Code like that is called scaffolding. we recompile and run the program.0 and 4. double distance (double x1. I would compile and run the program at this stage and check the intermediate value (which should be 25.x1. double x2. After each incremental change. The next step in the computation is to find the differences x2 −x1 and y2 −y1 . double dy = y2 . cout << "dx is " << dx << endl. Somewhere in main I would add: double dist = distance (1.0. cout << "dy is " << dy << endl. I will store those values in temporary variables named dx and dy. 6. we can start adding lines of code one at a time. double y2) { double dx = x2 .y1. double dsquared = dx*dx + dy*dy. it is useful to know the right answer.y1. cout << "dsquared is " << dsquared. but comment it out. but it is worthwhile to try compiling it so we can identify any syntax errors before we make it more complicated. As I mentioned.0.0. the result will be 5 (the hypotenuse of a 3-4-5 triangle). FRUITFUL FUNCTIONS function doesn’t do anything useful. we have to call it with sample values. return 0. but it is simpler and faster to just multiply each term by itself. I already know that they should be 3.0). return 0. We could use the pow function. double y2) { double dx = x2 . 2.x1. When the function is finished I will remove the output statements. double dy = y2 . . That way. at any point we know exactly where the error must be—in the last line we added. The next step in the development is to square dx and dy. Once we have checked the syntax of the function definition. double distance (double x1. double y1. that way. } I added output statements that will let me check the intermediate values before proceeding. In order to test the new function. Sometimes it is a good idea to keep the scaffolding around.0).0. Finally. double x2. } Again. just in case you need it later. I chose these values so that the horizontal distance is 3 and the vertical distance is 4. When you are testing a function. but it is not part of the final product.42 CHAPTER 5.0. because it is helpful for building the program. we can use the sqrt function to compute and return the result.0. 4. double y1. cout << dist << endl.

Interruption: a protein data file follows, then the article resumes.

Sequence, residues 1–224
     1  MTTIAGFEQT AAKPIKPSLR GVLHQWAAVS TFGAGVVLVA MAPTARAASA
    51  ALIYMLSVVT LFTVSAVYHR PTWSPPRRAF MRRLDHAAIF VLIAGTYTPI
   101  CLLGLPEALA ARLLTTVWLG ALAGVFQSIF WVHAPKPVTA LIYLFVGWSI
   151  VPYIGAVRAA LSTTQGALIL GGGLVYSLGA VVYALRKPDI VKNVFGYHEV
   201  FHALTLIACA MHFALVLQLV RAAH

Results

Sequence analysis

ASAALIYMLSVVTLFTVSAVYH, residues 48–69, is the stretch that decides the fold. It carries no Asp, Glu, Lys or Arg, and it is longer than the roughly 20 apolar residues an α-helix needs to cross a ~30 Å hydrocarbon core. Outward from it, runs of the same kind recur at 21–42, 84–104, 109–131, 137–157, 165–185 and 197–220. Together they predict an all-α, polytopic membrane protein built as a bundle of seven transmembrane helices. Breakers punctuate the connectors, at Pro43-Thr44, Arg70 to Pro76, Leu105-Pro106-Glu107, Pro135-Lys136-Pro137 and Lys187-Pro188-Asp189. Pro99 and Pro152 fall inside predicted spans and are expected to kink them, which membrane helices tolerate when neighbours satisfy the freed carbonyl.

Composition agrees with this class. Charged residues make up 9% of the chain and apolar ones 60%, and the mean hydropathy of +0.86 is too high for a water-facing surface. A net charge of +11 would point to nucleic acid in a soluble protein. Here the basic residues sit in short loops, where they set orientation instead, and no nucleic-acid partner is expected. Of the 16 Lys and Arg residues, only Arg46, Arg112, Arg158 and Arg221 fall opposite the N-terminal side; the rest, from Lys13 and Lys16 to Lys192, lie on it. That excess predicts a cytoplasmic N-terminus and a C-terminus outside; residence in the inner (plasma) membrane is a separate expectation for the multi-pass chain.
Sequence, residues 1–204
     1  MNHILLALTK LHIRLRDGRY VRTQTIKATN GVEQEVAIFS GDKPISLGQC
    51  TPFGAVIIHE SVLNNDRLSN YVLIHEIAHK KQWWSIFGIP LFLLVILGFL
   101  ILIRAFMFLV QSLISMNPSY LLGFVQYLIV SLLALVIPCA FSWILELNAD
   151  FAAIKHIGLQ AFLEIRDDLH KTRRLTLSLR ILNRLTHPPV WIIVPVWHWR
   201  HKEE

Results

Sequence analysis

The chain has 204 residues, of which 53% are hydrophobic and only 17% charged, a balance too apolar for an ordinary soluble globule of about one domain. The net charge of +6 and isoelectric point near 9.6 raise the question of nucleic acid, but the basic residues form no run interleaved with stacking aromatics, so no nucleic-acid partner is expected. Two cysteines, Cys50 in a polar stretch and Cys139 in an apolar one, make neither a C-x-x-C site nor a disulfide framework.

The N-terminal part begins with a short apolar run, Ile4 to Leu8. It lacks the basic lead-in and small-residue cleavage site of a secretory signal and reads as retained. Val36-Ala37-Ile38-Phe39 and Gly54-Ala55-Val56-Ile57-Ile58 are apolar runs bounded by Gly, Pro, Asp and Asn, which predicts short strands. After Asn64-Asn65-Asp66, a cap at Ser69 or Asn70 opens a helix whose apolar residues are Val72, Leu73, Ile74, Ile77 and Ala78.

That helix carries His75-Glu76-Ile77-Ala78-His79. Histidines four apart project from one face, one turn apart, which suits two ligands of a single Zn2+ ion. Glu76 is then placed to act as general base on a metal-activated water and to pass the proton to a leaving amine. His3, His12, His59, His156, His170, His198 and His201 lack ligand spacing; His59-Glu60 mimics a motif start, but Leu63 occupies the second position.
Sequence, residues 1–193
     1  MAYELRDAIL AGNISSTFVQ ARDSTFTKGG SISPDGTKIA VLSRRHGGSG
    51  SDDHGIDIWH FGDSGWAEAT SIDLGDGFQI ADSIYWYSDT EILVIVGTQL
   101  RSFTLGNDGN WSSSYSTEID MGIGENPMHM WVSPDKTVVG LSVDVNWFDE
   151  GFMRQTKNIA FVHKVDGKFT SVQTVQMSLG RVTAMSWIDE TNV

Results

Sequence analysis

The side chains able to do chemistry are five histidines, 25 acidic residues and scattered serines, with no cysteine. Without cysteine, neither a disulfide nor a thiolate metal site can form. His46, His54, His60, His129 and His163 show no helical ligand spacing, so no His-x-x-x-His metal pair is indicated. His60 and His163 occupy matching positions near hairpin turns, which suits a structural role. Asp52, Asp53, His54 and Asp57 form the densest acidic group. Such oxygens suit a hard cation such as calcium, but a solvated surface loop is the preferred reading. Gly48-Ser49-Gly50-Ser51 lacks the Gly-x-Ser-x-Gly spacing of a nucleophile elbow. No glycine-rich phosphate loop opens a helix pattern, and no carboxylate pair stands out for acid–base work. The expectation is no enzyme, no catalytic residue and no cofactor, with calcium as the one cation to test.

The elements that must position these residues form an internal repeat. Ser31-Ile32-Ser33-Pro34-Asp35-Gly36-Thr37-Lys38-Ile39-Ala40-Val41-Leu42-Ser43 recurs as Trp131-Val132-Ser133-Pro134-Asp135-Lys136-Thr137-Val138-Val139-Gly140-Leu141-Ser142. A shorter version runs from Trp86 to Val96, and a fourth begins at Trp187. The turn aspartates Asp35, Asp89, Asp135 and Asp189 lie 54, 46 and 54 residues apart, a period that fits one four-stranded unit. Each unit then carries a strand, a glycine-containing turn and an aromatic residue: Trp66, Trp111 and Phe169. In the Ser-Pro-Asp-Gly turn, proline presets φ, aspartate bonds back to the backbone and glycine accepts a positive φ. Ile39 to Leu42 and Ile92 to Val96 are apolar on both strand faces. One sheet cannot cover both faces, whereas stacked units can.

return result. double radius = distance (xc.5. that does that. double y2) { double dx = x2 . double result = sqrt (dsquared). The second step is to find the area of a circle with that radius. and the perimeter point is in xp and yp. double yc. what if someone gave you two points. double xp. return result. yc.3. once you define a new function. The key aspects of the process are: • Start with a working program and make small. we should output and check the value of the result. return result. Nevertheless.y1. you will know exactly where it is. double x2. double dy = y2 . yp).x1. incremental changes. distance. we have a function. which is the distance between the two points. 5. } . double yp) { double radius = distance (xc. this incremental development process can save you a lot of debugging time. double result = area (radius). double result = area (radius). Wrapping that all up in a function. yp). if there is an error. and asked for the area of the circle? Let’s say the center point is stored in the variables xc and yc. As you gain more experience programming. and return it. you might want to remove some of the scaffolding or consolidate multiple statements into compound expressions. COMPOSITION 43 double distance (double x1. xp. • Once the program is working. double dsquared = dx*dx + dy*dy. you might find yourself writing and debugging more than one line at a time. double y1. we get: double fred (double xc. but only if it does not make the program difficult to read. and you can build new functions using existing functions. • Use temporary variables to hold intermediate values so you can output and check them. } Then in main. At any point. yc. The first step is to find the radius of the circle. xp. For example.3 Composition As you should expect by now. the center of the circle and a point on the perimeter. you can use it as part of an expression. Fortunately.